Here is an article by that does a great job illustrating the “ripple effect” concept. The article points out how even one job loss in a well-established industry such as manufacturing can quickly lead to additional losses in local purchases (restaurants), tax revenue (government), and savings.
“In an unhealthy economy, a single lost job becomes infectious, combining with others and spreading through family, neighborhood and community. Widespread cutbacks in spending by families mean lower demand for businesses and lower tax revenues for the government. This belt-tightening means fewer car sales and thus fewer jobs for car-part makers. It means less government spending on infrastructure and other public services, including economic development. The sum effect is less available work for job seekers — a perfect vicious circle.”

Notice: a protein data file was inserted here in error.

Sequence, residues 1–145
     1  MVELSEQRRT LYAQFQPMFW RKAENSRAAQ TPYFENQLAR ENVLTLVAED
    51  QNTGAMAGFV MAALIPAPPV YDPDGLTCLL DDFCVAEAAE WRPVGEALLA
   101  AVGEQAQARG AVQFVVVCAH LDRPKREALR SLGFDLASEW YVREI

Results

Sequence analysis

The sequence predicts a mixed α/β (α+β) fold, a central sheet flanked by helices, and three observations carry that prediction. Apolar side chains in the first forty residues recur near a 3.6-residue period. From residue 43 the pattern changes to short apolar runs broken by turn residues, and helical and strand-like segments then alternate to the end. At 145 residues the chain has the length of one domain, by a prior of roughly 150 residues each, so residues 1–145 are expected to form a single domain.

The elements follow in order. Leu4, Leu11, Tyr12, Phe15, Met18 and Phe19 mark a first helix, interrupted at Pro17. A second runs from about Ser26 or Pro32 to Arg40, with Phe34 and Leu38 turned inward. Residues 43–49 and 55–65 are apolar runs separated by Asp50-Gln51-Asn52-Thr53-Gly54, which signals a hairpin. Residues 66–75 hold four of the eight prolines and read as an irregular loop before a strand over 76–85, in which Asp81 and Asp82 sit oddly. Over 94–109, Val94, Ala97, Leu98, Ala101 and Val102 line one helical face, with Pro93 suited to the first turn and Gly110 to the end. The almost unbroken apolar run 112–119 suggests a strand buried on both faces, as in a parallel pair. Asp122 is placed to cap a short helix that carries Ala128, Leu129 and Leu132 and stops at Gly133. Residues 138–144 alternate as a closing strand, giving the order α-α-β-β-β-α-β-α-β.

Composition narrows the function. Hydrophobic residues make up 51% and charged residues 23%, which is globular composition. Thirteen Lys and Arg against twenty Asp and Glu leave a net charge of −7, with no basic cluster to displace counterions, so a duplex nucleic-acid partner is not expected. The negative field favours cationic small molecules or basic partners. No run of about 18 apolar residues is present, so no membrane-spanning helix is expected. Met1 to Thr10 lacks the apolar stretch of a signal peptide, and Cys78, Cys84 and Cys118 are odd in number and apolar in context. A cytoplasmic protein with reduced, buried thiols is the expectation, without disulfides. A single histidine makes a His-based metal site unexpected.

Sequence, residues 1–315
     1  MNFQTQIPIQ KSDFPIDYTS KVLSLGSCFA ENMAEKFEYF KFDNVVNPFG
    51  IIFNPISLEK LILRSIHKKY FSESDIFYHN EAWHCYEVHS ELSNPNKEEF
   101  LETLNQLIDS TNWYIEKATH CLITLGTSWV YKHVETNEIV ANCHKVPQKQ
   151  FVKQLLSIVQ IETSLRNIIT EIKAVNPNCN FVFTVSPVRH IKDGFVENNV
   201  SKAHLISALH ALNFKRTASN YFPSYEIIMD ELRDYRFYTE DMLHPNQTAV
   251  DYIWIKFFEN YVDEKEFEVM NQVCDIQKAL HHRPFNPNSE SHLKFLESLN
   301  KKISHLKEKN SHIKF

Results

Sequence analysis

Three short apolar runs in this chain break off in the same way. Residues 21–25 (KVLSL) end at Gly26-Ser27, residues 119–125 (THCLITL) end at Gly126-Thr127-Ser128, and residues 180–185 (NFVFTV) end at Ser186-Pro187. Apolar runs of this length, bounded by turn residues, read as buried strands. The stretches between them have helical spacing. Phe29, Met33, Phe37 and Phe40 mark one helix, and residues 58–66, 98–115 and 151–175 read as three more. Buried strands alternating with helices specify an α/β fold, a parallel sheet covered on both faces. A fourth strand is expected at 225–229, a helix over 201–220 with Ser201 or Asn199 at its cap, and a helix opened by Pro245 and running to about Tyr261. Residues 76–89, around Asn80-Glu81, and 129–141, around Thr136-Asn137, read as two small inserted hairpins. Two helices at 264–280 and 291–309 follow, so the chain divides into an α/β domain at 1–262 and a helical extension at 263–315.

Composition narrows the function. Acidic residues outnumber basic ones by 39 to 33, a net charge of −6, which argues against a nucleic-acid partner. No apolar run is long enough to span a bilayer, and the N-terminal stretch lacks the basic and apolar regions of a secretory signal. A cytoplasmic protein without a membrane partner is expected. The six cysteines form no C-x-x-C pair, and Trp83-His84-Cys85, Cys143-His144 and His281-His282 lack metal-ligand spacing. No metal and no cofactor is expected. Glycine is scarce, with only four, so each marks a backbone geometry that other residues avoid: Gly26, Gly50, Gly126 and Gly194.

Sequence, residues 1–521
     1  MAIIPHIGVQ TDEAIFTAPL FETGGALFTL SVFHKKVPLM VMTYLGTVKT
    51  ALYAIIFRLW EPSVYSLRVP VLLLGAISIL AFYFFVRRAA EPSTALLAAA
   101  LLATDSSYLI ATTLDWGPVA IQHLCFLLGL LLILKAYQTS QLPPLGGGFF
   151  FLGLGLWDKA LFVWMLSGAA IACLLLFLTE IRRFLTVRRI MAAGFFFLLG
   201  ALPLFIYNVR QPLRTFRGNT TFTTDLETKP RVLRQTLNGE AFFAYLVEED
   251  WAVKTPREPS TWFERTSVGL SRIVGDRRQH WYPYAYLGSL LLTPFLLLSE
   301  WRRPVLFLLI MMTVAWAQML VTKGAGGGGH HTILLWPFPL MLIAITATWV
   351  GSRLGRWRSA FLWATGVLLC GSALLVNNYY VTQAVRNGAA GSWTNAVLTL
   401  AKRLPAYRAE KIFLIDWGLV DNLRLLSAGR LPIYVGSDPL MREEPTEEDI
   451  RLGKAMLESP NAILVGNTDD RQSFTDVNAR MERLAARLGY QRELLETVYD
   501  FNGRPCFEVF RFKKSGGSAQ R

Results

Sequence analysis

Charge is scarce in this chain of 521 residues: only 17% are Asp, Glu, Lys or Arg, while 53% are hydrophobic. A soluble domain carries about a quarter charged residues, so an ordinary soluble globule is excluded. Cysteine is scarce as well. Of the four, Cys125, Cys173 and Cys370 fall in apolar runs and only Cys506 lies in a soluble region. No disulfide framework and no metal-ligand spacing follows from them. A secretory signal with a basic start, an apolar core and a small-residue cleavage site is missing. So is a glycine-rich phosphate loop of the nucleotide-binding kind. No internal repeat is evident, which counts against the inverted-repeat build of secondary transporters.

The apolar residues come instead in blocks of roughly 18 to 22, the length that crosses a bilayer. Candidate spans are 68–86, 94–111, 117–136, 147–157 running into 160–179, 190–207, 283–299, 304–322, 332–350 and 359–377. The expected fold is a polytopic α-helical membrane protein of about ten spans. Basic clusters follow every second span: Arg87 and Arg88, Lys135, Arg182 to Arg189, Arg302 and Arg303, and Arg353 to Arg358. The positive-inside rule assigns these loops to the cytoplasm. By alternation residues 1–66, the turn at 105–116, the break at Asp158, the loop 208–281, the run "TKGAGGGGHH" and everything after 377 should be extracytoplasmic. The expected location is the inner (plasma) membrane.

This is the case because well-established industries such as manufacturing produce goods that are exported out of the region. This means that virtually all the revenue generated by that industry is coming into the region from the outside. When these “region-building” industries are lost and with them the infusion of outside moneys, all the resident-serving or “region-filling” industries (grocers, restaurants, doctors, and even local government) see less money.
So from a regional development perspective it is important to be familiar with those industries that have significant regional multipliers, which are the result of bringing outside moneys into the local economy. Furthermore, if these “exporting” industries are lost there will necessarily be reduced circulation of funds among the economy’s other industries. Regions grow and flourish when they have a healthy mix of industries that (1) bring moneys into the region and (2) internally circulate these moneys for as long as possible.
If you are wondering which industries pull money into your economy and which industries keep that money circulating, please contact us — we would be happy to help.